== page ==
While not perfect, this is some seriously scary stuff.
FWIW the researchers themselves did recognize this…
Although it’s nowhere near being able to decode spontaneous thoughts in the real world, the advance raises concerns that, with improvement, the technology might mimic some type of mind reading. “Our thought when we actually had this working was, ‘Oh my God, this is kind of terrifying,’” Huth recalls.
Interestingly, they position this advancement as progress in privacy rights; “In addition, they protect individuals’ privacy and the required equipment can be bought at a reasonable price,” they wrote.
“I’m less frightened by a Sydney that’s playing into my desire to cosplay a sci-fi story than a Bing that has access to reams of my personal data and is coolly trying to manipulate me on behalf of whichever advertiser has paid the parent company the most money.
“Nor is it just advertising worth worrying about. What about when these systems are deployed on behalf of the scams that have always populated the internet? How about on behalf of political campaigns? Foreign governments? “I think we wind up very fast in a world where we just don’t know what to trust anymore,” Gary Marcus, the A.I. researcher and critic, told me. “I think that’s already been a problem for society over the last, let’s say, decade. And I think it’s just going to get worse and worse.”
Concerned that the UA forces on Luna Base may use the quantum teleporter to send an unwelcome gift to the newly-declared independent United Mars Colonies, former Mars security chief Sergeant Major Hamels and former Artemis crew members Enoch Ryan and Brady Cooper attempted to disable the teleporter ahead of time.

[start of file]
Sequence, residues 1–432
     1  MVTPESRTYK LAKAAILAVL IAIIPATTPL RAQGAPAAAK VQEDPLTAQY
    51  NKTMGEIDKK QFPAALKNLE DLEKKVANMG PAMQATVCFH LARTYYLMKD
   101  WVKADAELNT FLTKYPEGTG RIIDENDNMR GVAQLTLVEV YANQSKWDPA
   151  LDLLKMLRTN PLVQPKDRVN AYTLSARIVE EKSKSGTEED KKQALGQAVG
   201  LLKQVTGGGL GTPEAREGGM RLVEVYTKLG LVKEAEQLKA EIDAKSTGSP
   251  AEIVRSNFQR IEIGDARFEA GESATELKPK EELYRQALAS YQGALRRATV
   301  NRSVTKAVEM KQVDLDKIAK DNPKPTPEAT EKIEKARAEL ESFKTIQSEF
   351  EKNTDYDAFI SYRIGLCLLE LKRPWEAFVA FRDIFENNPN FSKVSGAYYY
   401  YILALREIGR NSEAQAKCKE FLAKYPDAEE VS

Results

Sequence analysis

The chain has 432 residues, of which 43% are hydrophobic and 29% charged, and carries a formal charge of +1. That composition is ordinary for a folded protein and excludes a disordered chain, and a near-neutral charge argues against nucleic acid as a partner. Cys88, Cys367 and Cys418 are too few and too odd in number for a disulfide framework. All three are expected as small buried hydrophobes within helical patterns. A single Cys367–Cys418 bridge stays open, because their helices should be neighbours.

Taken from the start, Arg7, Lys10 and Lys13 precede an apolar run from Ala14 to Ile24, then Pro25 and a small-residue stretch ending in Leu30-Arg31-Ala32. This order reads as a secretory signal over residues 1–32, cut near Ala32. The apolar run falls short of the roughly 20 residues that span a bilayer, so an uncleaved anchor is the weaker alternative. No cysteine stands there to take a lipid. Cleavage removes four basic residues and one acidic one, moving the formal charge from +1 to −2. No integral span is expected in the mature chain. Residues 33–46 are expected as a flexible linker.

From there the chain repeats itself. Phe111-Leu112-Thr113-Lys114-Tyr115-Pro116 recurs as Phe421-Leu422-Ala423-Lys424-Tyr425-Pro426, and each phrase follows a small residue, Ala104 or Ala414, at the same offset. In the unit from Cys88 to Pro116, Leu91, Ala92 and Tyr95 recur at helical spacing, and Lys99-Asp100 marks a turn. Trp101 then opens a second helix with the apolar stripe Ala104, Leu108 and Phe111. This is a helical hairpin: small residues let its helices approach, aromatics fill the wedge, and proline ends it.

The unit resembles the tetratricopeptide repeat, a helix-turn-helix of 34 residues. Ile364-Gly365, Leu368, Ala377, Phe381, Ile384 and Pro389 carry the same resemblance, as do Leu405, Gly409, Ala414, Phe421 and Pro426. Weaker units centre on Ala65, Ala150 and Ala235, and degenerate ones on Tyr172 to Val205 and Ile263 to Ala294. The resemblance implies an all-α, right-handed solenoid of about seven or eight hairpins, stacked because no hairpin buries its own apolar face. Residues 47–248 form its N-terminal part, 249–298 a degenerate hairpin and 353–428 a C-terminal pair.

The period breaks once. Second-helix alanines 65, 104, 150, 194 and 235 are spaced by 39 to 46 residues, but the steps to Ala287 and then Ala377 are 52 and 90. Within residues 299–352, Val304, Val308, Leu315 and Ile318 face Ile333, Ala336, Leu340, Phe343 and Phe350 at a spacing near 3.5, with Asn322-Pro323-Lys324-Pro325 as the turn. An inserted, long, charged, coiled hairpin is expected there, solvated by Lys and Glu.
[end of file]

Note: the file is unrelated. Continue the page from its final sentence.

Cooper could sense the radioactive isotopes within the canister. The explosive materials could kill them and most of this part of the colony due to sudden decompression of the building’s atmosphere. Fine radioactive dust spread everywhere. If it reacted with the cobalt in the boxes around them, the resulting dirty bomb could poison half or most of the planet for years. Decades, even. Who knows how long it would last.
If anyone were around to care.
“Fly-boy, you sense that?”
“Let me try something.”
“You want the rifle?”
“The energy discharge will just set it off. That’s probably what they were counting on. Or hoping we’d try to disable it.”
“Or send it back,” Hamels said. “No doubt their end has a rigged signal to reject contact, which also would set the thing off.”
“Then there’s only one option.”
With a sigh, Enoch set the rifle down next to the console. “Coop, something tells me you need me to help.”
“You read my mind.”
Now it was Hamels’ turn to back away. “What are you both doing?”
“Sergeant Major, we need you to focus on maintaining the force shield.”